His propensity to draft players from small schools is quizzical. While players from non-traditional football powerhouses can certainly succeed in the NFL, it’s not wise to fill a roster with them.

Regardless of how the Jaguars finish the season, they need a new decision-maker. Smith should not return as the general manager in 2013.

Kansas City Chiefs – HC, GM, QB

Ladies and gentlemen, the worst team in the NFL: the Kansas City Chiefs!

Romeo Crennel is overmatched as the head coach. He’s a very nice guy, but smiles and handshakes don’t win games in the NFL.

Matt Cassel, the supposed “franchise” quarterback, was benched in favor of Brady Quinn. If that doesn’t disqualify you from “franchise” status, I’m not sure what would.

General manager Scott Pioli has failed the organization with both coach and quarterback decisions, and his draft record has been spotty at best.

Owner Clark Hunt needs to hit the reset button at season’s end and find a new head coach, quarterback and general manager to try and win the franchise its first playoff game in 20 years.

San Diego Chargers – HC, GM

When Chargers owner Dean Spanos decided to bring head coach Norv Turner and general manager A.J. Smith back for the 2012 season, it was an easy first guess.

Norv’s tenure as Chargers coach unofficially ended in Week 6 when his team blew a 24-0 halftime lead at home on Monday Night Football to Peyton Manning and the Broncos. Turner's team has now lost five in a row after their 4-2 start. Lindsay Lohan will win the Nobel Peace Prize before Norv is an NFL head coach again.

Smith should have been fired after his comments to the San Diego Union-Tribune following the aforementioned Broncos loss—he buried his own team. He hasn’t drafted well enough, and decisions to let players like Darren Sproles and Vincent Jackson walk away have crippled the offense.

Spanos will do at season’s end what he should have done last January: Fire both men.

Philadelphia Eagles – HC, QB

Andy Reid might be the best head coach in the history of the Philadelphia Eagles, but he’s on borrowed time. He is most certainly going to lose his job on Black Monday, if not sooner.

Reid’s decision to bring defensive coordinator Juan Castillo back in 2012 after a disastrous 2011 predictably blew up in his face.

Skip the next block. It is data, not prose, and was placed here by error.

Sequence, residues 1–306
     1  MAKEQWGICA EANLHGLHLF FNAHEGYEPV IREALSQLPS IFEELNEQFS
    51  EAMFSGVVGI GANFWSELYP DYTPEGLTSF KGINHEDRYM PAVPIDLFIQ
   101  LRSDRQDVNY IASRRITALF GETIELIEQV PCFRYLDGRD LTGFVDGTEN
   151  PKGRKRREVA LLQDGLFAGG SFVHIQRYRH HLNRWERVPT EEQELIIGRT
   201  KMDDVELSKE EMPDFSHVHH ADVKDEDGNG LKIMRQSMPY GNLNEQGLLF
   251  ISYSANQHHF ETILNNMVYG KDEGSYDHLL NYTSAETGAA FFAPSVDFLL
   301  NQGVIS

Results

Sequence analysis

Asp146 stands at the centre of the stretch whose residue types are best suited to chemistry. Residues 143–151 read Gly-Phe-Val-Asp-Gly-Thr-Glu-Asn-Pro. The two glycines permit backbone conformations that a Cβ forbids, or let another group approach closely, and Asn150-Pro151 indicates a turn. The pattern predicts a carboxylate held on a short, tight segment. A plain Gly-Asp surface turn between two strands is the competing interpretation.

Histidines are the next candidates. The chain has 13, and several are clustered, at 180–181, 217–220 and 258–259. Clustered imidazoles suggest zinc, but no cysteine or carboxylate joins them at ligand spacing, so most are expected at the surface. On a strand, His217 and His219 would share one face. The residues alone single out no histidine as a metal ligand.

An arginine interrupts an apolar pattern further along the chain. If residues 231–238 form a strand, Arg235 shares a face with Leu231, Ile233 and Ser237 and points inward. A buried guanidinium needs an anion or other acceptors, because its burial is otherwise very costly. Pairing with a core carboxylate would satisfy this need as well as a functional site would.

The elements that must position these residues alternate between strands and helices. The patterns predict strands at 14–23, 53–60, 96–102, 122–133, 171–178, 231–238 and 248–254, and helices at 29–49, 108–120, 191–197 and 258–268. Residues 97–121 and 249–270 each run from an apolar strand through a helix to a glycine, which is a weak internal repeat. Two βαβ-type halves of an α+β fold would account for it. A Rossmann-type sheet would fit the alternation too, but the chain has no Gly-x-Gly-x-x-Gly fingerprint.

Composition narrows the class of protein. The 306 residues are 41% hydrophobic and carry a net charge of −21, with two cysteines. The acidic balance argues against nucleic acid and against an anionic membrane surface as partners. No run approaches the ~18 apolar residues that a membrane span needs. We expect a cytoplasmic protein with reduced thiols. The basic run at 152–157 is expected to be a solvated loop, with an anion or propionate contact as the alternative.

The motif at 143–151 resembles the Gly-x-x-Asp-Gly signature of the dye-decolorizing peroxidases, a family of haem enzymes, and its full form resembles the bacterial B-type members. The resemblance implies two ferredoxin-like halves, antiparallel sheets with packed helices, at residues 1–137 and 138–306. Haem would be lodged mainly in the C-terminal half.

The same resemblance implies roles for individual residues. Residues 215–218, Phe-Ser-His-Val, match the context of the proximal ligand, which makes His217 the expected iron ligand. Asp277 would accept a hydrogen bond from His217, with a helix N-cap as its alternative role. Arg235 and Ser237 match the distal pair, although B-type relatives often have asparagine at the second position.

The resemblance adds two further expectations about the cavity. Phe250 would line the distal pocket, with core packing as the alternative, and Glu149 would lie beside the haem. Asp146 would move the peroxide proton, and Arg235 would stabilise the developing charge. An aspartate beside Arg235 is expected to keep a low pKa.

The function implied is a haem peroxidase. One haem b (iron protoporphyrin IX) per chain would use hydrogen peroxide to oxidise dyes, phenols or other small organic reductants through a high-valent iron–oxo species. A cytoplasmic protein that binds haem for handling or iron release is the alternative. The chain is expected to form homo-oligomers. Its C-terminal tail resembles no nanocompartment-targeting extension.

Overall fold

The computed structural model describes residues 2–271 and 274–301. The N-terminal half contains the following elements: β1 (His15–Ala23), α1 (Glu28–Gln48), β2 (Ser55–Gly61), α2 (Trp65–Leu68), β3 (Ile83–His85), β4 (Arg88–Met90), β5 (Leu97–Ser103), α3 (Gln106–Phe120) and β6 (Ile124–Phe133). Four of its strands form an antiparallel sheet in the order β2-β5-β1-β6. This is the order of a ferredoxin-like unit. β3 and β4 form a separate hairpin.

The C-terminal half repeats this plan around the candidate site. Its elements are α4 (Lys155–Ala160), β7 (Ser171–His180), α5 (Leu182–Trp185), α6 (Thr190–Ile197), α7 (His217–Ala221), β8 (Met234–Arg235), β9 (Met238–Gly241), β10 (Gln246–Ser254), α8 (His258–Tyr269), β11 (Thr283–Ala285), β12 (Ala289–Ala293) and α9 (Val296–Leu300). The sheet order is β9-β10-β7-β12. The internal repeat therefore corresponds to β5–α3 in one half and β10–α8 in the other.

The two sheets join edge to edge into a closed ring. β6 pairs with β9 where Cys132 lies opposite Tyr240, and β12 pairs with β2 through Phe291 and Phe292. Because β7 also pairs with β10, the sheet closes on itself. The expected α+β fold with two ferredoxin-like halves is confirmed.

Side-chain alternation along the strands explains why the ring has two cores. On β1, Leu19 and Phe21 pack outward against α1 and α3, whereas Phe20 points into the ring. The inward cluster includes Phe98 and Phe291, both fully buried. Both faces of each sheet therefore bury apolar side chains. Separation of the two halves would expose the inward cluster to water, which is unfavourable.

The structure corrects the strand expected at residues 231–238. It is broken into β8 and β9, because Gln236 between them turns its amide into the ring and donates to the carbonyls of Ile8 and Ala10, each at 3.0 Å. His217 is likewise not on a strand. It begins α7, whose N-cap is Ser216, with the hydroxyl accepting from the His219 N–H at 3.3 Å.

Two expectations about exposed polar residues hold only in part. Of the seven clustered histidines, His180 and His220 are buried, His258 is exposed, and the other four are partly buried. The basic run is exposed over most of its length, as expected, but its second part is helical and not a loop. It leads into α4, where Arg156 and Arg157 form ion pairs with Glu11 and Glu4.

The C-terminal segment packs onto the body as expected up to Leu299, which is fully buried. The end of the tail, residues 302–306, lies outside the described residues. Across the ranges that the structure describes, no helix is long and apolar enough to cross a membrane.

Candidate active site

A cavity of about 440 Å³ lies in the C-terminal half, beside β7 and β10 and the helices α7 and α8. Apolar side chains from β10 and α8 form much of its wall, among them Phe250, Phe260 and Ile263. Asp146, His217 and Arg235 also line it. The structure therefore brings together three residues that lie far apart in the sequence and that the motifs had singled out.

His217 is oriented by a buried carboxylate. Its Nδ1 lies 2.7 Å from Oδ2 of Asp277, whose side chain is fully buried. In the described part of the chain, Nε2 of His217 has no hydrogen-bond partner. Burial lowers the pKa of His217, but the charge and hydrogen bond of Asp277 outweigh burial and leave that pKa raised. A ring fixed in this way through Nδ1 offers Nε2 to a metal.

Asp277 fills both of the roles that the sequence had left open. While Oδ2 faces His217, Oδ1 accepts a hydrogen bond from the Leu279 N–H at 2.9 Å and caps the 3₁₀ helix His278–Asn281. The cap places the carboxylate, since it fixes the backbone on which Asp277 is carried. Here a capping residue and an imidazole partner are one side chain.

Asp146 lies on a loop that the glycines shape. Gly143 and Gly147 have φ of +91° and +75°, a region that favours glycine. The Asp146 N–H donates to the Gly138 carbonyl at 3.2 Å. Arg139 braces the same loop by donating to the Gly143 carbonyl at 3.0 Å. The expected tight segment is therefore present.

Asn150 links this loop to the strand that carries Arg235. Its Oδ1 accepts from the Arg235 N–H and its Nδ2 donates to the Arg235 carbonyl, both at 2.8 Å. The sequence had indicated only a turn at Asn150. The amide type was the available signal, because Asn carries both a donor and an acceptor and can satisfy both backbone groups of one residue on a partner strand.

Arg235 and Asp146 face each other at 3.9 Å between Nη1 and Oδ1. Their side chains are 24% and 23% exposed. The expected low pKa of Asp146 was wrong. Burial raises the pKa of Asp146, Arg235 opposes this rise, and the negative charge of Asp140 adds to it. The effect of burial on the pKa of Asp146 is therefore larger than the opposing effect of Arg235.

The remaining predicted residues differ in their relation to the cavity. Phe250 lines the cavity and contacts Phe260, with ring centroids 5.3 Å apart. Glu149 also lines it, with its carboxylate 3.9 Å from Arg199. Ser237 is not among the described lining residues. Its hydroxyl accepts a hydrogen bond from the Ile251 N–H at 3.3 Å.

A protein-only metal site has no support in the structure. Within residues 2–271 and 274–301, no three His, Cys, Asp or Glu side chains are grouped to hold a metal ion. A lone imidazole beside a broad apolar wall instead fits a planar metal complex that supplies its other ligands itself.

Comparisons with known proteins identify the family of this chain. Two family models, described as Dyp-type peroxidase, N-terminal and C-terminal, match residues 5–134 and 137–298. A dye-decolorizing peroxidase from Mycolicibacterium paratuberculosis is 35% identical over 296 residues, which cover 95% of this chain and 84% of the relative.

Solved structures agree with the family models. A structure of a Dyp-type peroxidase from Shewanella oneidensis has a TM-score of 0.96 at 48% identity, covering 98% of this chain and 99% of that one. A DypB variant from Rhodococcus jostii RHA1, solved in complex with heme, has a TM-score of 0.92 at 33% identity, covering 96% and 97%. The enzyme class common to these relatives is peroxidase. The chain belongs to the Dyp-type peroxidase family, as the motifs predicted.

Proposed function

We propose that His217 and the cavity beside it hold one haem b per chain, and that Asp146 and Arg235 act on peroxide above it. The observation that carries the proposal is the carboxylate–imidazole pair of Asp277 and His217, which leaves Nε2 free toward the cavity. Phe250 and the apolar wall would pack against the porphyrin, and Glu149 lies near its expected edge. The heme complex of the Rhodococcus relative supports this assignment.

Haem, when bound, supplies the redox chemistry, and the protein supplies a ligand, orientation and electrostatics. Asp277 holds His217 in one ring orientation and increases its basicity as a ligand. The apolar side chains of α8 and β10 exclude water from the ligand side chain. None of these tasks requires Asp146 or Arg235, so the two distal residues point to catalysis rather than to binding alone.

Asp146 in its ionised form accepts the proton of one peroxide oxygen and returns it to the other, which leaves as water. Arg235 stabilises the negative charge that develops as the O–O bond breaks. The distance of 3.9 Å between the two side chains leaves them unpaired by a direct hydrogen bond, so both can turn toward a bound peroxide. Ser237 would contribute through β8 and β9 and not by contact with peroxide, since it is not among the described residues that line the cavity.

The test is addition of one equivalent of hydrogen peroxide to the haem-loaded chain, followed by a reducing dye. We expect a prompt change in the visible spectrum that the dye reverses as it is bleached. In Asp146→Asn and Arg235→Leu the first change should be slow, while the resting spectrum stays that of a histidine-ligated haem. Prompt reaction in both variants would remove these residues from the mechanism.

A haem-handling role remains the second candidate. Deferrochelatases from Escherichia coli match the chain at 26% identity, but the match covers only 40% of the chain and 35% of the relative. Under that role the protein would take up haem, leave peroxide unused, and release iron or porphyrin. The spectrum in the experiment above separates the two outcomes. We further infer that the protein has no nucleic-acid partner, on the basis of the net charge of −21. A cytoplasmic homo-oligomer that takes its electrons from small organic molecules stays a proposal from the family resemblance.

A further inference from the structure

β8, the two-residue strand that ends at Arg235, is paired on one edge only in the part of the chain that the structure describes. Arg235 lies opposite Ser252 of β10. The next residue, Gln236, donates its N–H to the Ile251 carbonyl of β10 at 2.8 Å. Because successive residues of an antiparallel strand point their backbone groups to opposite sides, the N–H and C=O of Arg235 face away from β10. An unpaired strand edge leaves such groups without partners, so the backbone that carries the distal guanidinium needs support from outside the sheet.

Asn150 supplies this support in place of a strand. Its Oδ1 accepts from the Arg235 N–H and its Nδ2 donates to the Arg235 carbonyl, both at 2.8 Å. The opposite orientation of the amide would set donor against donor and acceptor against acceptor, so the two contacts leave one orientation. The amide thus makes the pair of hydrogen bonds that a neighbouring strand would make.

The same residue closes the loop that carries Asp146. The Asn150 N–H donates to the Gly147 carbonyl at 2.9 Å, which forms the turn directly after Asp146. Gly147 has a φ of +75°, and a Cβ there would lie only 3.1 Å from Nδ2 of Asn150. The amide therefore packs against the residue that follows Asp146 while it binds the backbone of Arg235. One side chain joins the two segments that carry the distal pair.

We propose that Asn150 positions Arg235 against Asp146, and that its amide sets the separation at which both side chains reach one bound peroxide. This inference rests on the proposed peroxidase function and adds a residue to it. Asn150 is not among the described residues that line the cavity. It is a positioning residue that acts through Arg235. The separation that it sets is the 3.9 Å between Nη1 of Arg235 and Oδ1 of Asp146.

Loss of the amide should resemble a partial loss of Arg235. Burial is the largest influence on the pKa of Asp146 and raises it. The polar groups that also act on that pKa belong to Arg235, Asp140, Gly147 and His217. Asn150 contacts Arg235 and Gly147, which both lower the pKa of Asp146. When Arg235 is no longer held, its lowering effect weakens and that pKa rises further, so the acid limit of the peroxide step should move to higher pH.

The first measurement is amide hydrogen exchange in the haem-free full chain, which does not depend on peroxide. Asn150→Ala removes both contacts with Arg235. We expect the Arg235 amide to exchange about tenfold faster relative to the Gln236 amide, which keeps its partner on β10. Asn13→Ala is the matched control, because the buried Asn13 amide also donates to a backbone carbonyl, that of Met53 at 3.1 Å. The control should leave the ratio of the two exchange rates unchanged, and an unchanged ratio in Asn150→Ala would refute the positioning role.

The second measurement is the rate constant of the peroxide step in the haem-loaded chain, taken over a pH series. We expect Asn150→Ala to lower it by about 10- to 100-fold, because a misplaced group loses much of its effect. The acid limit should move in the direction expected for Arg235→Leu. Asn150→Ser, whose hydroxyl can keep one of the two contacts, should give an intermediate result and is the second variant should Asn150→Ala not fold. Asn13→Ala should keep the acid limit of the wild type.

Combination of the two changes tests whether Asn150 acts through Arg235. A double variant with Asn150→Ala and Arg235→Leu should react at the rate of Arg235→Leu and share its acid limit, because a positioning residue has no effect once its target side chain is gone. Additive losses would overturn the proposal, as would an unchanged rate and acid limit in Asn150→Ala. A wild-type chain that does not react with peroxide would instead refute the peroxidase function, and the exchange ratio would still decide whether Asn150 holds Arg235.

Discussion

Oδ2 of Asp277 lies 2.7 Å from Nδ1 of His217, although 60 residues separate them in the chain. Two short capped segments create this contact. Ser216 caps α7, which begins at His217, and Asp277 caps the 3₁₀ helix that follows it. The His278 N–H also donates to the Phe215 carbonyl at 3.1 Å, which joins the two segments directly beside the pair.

He didn’t upgrade the backup quarterback spot, despite employing the fragile Michael Vick. Rookie Nick Foles, currently playing due to a “significant” concussion suffered by Vick, has looked overmatched and not ready for prime time. Reid couldn’t have done better than Foles, knowing that Vick wouldn’t be available for all 16 games?

Then there’s Reid’s stubborn refusal to run the ball with LeSean McCoy.

As for Vick, there’s no way the organization can bring him back in 2013. Let Foles finish out the year, but if he’s not the guy, go out and sign or draft someone to be the guy.

Reid and Vick will both be ex-Eagles in 2013.

Dallas Cowboys – HC

Jason Garrett is not capable of winning games as a head coach in the National Football League.

There are so many different head-scratching moments over which Garrett has presided in his time as Cowboys coach. That includes hideous play-calling at Detroit (Week 4, 2011) and horrible clock management in Arizona (Week 13, 2011), at home against the Giants (Week 14, 2011) and in Baltimore (Week 6, 2012).

In a season where many (myself included) expected the Cowboys to make the postseason, their 5-6 record is nothing short of an abject failure.

The icing on top of the spoiled cake is their Thanksgiving shellacking at the hands of RG3 and the Washington Redskins. Jerry Jones doesn’t take kindly to getting blown out on national television.

Garrett will be the ex-head coach of the Dallas Cowboys in 2013.

Arizona Cardinals – GM, QB

I’m a huge fan of the Cardinals organization. What head coach Ken Whisenhunt and general manager Rod Graves have been able to do in their time in the desert has been nothing short of remarkable.

With that said, 2012 hasn’t been their best effort. With the team mired in a seven-game losing streak, it’s correct to say that Whisenhunt hasn’t done his best coaching job. But he’s a good enough coach that I believe deserves to return next season.

I can’t say the same for Graves, as his epic failure to address the quarterback situation needs to be his undoing.

Graves was the man who ultimately pulled the trigger on the deal that brought Kevin Kolb to Arizona, who lavished Kolb with an outrageous contract. Kolb has been unable to stay healthy, and he hasn’t sparkled when he has been on the field.

With Kolb out of the lineup, the pu pu platter of John Skelton and Ryan Lindley has failed in miserable fashion. One can only imagine the frustration Larry Fitzgerald must feel as Skelton, Lindley and Kolb are unable to get him the football.

The offensive line is also among the worst in the league. The general manager hasn’t done a good enough job acquiring players to protect his below-average quarterbacks, leaving Whisenhunt in a no-win situation.

Whisenhunt should be back in 2013. Graves shouldn’t.

Nick Kostos is the executive producer of the "SiriusXM Blitz," hosted by Rich Gannon and Adam Schein, on SiriusXM NFL Radio. You can follow Nick on Twitter.